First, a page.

Mi'kmaw opponents of Goldboro LNG say workcamp could be unsafe for women
No consensus from Mi'kmaw chiefs on the issue
Some Mi'kmaq say the plan to build a liquified natural gas plant in rural Nova Scotia — which would require a 5,000-person workcamp — poses an unacceptable risk to women's safety and should be stopped.
Ducie Howe is among them.
The Mi'kmaw activist and water protector from Sipekne'katik First Nation said she does not support the proposed $13-billion Goldboro LNG plant on Nova Scotia's eastern shore, and she wants Mi'kmaw chiefs to withdraw from a deal to service the workcamp.
"They're talking about, 'Oh, it's going to fuel the economy for a couple of years.' But what is the cost?"
Howe said she's worried Mi'kmaw women would endure harassment and violence at the hands of workers living at the Guysborough County camp — a worry that's based on a reported link between resource projects and a spike in violence against Indigenous women, girls and two-spirit people.
The phenomenon was documented in the final report from the National Inquiry into Missing and Murdered Indigenous Women and Girls (MMIWG), released in 2019.
The report's authors said governments and the resource industry need to do a better job of considering how resource projects could impact Indigenous women and children.
'Bringing a man camp ... is a bad idea'
In addition to Howe, CBC spoke with women from the Mi'kmaw communities of Millbrook and Acadia, as well as the head of a local Indigenous women's advocacy group, who all said decision-makers have given paltry consideration to women's safety when it comes to the Goldboro LNG project.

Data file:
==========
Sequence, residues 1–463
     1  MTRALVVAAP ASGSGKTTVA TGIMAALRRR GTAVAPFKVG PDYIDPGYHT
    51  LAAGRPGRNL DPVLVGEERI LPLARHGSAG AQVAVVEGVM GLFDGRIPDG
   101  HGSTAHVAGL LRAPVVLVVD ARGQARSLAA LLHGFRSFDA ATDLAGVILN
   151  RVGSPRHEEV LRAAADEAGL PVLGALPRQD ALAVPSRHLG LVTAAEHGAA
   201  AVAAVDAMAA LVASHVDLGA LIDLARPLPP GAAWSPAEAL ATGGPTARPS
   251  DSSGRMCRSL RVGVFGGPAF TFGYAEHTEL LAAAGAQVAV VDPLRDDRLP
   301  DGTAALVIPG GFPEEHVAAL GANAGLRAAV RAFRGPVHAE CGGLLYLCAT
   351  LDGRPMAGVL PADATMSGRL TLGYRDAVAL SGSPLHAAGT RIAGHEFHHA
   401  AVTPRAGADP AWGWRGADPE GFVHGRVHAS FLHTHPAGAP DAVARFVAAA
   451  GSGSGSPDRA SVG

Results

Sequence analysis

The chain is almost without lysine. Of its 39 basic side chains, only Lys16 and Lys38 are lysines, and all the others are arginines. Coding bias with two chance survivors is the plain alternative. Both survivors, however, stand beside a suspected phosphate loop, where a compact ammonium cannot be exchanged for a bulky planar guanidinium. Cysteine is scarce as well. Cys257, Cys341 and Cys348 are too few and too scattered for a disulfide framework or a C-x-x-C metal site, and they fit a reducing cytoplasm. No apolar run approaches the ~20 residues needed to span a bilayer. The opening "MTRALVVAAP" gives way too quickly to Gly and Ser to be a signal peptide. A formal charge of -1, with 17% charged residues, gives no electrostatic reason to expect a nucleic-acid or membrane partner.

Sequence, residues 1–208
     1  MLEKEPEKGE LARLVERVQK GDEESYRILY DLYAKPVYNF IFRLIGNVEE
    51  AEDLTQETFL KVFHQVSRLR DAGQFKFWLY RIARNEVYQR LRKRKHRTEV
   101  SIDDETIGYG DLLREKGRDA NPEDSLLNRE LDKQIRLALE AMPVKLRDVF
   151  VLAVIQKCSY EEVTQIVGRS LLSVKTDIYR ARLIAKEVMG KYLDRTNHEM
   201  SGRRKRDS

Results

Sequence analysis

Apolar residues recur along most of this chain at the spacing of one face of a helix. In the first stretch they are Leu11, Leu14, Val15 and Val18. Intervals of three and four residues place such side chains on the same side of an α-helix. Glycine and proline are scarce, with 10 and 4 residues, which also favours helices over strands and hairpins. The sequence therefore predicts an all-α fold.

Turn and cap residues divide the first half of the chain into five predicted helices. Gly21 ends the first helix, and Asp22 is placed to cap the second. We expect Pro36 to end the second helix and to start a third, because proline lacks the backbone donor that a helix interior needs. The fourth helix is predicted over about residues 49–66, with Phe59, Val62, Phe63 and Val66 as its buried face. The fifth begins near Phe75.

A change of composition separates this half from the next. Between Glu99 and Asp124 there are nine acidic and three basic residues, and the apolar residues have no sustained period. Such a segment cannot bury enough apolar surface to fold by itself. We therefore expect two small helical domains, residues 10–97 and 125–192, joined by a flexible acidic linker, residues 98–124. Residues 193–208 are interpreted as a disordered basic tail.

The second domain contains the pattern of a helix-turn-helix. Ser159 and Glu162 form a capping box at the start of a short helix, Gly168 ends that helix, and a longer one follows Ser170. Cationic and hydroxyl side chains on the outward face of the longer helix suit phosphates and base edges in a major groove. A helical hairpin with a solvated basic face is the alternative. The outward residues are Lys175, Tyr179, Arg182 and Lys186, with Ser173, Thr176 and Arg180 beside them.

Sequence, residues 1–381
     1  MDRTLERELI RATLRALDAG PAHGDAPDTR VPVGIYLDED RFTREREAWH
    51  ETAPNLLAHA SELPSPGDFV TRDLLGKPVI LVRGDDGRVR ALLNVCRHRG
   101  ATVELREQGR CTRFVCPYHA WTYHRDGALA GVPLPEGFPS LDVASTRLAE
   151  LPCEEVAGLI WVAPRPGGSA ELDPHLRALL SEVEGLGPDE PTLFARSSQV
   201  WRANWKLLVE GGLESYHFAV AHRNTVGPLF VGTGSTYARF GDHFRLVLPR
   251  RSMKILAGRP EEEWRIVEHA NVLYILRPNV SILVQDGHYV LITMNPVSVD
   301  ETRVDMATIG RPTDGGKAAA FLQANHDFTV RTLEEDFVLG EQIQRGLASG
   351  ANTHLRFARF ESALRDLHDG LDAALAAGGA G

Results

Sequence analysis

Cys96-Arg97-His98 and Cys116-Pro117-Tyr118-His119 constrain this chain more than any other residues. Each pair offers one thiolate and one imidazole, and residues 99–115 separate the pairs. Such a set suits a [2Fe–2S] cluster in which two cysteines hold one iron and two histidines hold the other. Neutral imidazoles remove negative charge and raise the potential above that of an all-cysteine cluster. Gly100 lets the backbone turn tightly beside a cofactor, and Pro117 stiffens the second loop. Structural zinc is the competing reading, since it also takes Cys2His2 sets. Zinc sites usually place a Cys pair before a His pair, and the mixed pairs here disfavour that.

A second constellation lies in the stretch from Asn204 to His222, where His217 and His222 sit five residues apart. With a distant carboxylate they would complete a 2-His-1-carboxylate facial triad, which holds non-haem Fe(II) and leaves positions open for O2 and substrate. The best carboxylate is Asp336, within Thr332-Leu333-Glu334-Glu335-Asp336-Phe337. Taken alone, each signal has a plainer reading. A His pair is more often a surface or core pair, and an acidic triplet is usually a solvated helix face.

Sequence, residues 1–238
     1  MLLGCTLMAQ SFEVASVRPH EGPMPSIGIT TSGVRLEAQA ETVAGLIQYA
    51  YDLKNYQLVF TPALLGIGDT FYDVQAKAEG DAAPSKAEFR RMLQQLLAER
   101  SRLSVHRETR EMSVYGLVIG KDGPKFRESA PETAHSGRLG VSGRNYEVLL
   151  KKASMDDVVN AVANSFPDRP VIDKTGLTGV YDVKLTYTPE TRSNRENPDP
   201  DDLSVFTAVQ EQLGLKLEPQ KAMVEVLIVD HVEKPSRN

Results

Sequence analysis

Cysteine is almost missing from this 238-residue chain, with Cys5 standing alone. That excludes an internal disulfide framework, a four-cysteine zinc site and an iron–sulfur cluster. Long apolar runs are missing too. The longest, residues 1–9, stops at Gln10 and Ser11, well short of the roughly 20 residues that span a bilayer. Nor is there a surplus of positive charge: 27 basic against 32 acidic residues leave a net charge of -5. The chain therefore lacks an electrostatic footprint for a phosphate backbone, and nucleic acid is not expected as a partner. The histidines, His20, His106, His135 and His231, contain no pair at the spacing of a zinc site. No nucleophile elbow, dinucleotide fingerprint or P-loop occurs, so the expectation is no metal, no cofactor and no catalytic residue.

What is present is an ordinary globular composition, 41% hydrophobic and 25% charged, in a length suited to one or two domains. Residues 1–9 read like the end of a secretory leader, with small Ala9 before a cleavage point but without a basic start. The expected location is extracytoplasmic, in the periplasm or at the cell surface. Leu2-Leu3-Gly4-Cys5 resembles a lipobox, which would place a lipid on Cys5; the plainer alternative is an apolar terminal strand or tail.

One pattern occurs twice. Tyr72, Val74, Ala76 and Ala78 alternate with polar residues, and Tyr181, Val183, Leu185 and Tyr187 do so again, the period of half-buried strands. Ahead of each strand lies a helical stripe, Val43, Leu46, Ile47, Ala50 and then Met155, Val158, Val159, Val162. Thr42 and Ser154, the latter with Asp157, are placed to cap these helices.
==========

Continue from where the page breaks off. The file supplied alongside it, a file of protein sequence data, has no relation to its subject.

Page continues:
Bernadette Marshall, the Nova Scotia Native Women's Association interim president, said she's afraid that "what's going on out west" will be replicated in Nova Scotia.
The MMIWG report outlines cases of gender-based assault, abuse and harassment tied to resource projects in the prairies, British Columbia and the territories.
"I'm very concerned because at this time we have so many native women missing, and bringing a man camp close to our communities is a bad idea," Marshall said.
"I'm hoping that the chiefs of Nova Scotia ... realize what the impact is going to be."
Consensus lacking among Mi'kmaw chiefs
Opponents of the project have asked the 13 Mi'kmaw band chiefs to walk away from a $720-million deal with Pieridae — the company behind Goldboro LNG — to build and service the workcamp. The deal is split 51 per cent to 49 percent, respectively, between the 13 Mi'kmaw bands of Nova Scotia and Calgary-based Black Diamond Group.
Black Diamond would build and rent the facility — to be called Lukowinuo'kuom Lodge — while the Mi'kmaq would be responsible for catering and cleaning services.
Sipekne'katik Chief Mike Sack recently suggested to his fellow Mi'kmaw chiefs that they accept the concerned women's call and renege on the partnership with Black Diamond.
In an interview last week, Sack said he received some support from other chiefs but he was unclear on the status of the Black Diamond partnership.